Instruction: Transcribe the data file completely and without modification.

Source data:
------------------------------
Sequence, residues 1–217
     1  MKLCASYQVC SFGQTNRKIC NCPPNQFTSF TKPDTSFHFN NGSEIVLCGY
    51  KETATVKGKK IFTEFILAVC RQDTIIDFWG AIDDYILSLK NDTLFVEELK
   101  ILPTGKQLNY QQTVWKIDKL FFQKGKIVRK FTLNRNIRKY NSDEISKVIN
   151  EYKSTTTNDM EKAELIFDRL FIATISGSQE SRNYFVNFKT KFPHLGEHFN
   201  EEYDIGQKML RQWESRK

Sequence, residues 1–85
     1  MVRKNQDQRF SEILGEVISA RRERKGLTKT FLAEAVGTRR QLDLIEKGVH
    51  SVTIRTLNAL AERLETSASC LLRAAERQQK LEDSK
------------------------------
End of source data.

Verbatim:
Sequence, residues 1–217
     1  MKLCASYQVC SFGQTNRKIC NCPPNQFTSF TKPDTSFHFN NGSEIVLCGY
    51  KETATVKGKK IFTEFILAVC RQDTIIDFWG AIDDYILSLK NDTLFVEELK
   101  ILPTGKQLNY QQTVWKIDKL FFQKGKIVRK FTLNRNIRKY NSDEISKVIN
   151  EYKSTTTNDM EKAELIFDRL FIATISGSQE SRNYFVNFKT KFPHLGEHFN
   201  EEYDIGQKML RQWESRK

Sequence, residues 1–85
     1  MVRKNQDQRF SEILGEVISA RRERKGLTKT FLAEAVGTRR QLDLIEKGVH
    51  SVTIRTLNAL AERLETSASC LLRAAERQQK LEDSK